GUEST POST: A Mindful Approach to Horse and Rider - A Review of the Equine Tech Collab, Mastermind Innovation Series
The Tech Equestrian would like to thank Nicole Salazar, Lifestyle Blogger and Equestrian of For the Love of All Things Fabulous for attending and covering the exciting new Equine Tech Collab Mastermind Innovation Series. Here is an excerpt of her experience and I encourage you to follow and view the full article on her blog!
Hello Beautiful Friends!
Today I want to share another fabulous experience I was able to have in Wellington this week. If you have been following along I've been speaking a lot to experiences lately. If there is an opportunity to have an experience where you can learn and surround yourself with people who share your passions, where else would you rather be?!
The inaugural Masterclass Innovation Series took place at the Wanderer’s Club in Wellington and was presented by the Equine Tech Collaborative to benefit the USEF Equine Disaster Relief Fund.
The Equine Tech Collaborative was formed in 2017 by founders; Barn Manager, Equo, Jumpfax, and StableGuard. New partner additions include; Electronic Vet, Epona Exchange, Etalon Diagnostics, and Event Clinics. What a phenomenal collaboration by a great group of entrepreneurs! I find these collaborations and events (hello Equestrian Business Women Summit) to be incredibly inspiring, motivating, and informative. This one did not disappoint. Not knowing what a new event like this would bring, I imagine the hosts will be pleased with the turnout.
The Soundness Spectrum: Maintaining Horses’ Soundness Through Proactive Management
The first panel consisted of Dr. Tim Ober, the official vet of the US Equestrian show jumping team, Danny Ingratta, FEI groom for Team Millar, Dr. Sheila Schils, equine rehab innovator, and Olympic show jumper Daniel Bluman, with Jennifer Wood as moderator.
The first question for the panel was, what they look for in assessing a new horse into their program:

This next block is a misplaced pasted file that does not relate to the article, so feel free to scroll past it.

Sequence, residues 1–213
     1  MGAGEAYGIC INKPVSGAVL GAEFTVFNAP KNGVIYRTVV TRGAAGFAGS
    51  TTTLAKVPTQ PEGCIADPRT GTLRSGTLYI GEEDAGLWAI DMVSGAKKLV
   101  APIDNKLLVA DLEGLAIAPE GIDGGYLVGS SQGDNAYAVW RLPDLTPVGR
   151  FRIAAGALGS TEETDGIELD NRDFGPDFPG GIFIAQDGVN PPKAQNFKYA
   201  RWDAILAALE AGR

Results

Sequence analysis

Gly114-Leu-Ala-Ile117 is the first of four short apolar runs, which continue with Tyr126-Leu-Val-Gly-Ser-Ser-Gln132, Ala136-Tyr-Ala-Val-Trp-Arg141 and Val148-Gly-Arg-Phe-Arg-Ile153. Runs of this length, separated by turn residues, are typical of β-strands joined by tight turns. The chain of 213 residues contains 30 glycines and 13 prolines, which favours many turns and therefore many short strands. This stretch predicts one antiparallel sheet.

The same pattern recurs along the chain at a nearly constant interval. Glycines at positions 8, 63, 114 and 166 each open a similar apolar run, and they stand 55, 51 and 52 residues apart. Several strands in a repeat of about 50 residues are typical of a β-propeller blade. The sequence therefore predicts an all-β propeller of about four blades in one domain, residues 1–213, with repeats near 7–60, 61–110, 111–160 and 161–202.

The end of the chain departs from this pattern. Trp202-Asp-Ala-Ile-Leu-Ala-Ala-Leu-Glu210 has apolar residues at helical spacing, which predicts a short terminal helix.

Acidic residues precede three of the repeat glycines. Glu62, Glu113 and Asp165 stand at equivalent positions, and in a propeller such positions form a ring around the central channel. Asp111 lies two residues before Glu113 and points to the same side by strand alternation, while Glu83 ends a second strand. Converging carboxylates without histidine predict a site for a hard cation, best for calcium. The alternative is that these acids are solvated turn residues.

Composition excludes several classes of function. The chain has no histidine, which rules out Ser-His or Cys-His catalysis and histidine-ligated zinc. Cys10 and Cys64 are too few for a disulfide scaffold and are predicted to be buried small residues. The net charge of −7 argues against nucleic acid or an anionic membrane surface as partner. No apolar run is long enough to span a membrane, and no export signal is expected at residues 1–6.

Tim Ober: He spoke to looking at the horse overall. Skeletal, the strengths, and weaknesses of their conformation, and shoeing. He likes to see the horse freely as well as under saddle. Sometimes they will do joint flexions in hand and other times they will do the flexions under saddle, depending on the circumstances. He explained that all horses typically have a road map of issues in which you have to rank and make a plan for their program based upon this baseline of knowledge.
Daniel Bluman: Daniel spoke to gathering as much information as possible to get a baseline. He talked about using cavalettis to assess the horse's tendencies under saddle…are they fairly straight forward? Do they drift left or right?
Sheila Schils: She looks at the horse as a system of pulleys, levers, and vectors. She examines the length of stride, tempo, straightness, poll to tail flexion, back, neck, and lastly lateral flexion.
Danny Ingratta: Danny shared that when he looks at a new horse (which he joked usually arrives at midnight), he looks at their condition and attitude in their stall first. He pays attention to how they stand…square, parked out, or other indicative stances. He also checks them over to familiarize himself with any existing bumps or uniqueness that may be apart of that horse.
Let me just say right off of the bat that after this first question was presented, I was all in. Having perspectives from these very different positions that come together from a team to approach on assessing the horses was just super cool.
In Good Company: Top Riders Discuss the Skills and Practices That Help them with Mental and Emotional Challenges.